‘In spite of all hardships, discomforts and sicknesses, the lure of exploration still continues to be one of the strongest lodestars of the human spirit, and will be so while there is the rim of an unknown horizon, in this world or the next.’
– Freya Stark –
Earlier this week The British Library released a new two CD set of recordings, The Spoken Word: Travel Writers. It is a wonderful selection of previously unreleased historic BBC broadcasts of major travel writers discussing their adventures and their art.
Today we live in a world where travel is accessible to almost everyone and consequently, the markets are saturated with so many travel writers and magazines dedicated to the wonders of exploration, that it’s now becoming increasingly rare to find anything fresh and exciting to read.
That’s why we particularly love these recordings as they really do capture the spirit of those intrepid individuals determined to overcome every kind of hardship to reach their respective destinations. Speakers such as Peter Fleming, Eric Newby and Freya Stark recount journeys (and occasional near-death experiences) whilst crossing harsh terrains such as the Sahara or the mountains of Afghanistan.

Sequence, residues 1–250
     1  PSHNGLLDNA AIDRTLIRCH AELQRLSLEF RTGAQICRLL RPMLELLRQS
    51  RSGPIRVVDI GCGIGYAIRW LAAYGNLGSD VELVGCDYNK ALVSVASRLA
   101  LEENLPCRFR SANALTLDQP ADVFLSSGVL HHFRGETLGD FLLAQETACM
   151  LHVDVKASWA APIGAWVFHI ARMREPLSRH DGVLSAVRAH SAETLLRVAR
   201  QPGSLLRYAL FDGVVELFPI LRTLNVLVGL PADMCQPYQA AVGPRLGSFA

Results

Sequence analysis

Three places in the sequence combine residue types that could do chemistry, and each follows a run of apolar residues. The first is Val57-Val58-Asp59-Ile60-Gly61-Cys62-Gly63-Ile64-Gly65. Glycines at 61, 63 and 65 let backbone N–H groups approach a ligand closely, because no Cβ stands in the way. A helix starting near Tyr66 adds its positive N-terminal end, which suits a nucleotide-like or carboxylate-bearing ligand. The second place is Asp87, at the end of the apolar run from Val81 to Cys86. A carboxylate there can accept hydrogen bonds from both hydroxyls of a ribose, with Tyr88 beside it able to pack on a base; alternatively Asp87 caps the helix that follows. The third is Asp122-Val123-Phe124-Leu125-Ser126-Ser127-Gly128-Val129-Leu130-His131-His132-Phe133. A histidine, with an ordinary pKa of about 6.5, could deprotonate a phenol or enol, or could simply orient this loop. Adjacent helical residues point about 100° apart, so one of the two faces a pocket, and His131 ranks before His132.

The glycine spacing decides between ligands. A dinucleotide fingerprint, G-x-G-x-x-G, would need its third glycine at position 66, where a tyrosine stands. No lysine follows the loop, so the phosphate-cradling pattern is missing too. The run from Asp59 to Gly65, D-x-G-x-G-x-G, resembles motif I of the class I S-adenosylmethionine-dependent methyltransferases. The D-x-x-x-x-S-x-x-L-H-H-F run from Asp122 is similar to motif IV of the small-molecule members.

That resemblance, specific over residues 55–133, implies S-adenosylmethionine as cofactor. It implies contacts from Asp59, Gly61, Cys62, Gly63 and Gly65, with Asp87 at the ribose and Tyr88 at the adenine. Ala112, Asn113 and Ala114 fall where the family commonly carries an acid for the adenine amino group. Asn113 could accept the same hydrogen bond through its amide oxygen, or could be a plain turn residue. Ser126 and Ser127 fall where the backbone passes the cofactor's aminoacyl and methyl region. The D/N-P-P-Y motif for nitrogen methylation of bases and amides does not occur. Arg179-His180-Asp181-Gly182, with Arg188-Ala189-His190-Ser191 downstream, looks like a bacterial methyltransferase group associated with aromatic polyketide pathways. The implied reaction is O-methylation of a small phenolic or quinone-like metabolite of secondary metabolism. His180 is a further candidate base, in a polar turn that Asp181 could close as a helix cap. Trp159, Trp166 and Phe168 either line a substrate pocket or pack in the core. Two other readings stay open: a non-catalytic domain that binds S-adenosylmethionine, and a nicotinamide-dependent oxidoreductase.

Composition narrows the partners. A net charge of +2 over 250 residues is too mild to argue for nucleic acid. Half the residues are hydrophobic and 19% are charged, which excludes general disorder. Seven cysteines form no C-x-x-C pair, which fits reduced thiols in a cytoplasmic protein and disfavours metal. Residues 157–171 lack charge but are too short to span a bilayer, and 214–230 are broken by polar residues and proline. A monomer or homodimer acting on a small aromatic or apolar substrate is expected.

At a time when travel has become an everyday commodity enjoyed by so many, these recordings hark back to an earlier generation of intrepid individuals determined to overcome every kind of hardship. In one of the earliest recordings, made in 1943, Leonard Hussey recalls Shackleton’s Antarctic expedition of 1914-17. In one of the more recent, from 1973, Geoffrey Moorhouse speaks about his near-fatal attempt to cross the Sahara, west to east, by camel.
The collection includes many of the major names of travel writing and exploration in the 20th century. In addition to Hussey and Moorhouse, the speakers include Peter Fleming, Laurie Lee, Ella Maillart, Eric Newby, Sacheverell Sitwell, Freya Stark, Wilfred Thesiger, Laurens van der Post, Rosita Forbes and Jan Morris. Laurens van der Post is heard in a live recording made at the Royal Geographical Society making an impassioned plea on behalf of the Bushmen of the Kalahari and Jan Morris in a live recording reading an extract from her book Trieste and the Meaning of Nowhere.
Steve Cleary, Lead Curator Drama & Literature at the British Library, said:
‘From Eric Newby’s amused recollections of the farcical lack of preparation for his assault on the mountains of Afghanistan to Geoffrey Moorhouse’s profound reflections on life following his close call with death in the Sahara, this varied selection of recordings testifies vividly to a spirit of travel, exploration and enterprise that seems already to belong to a bygone age.’
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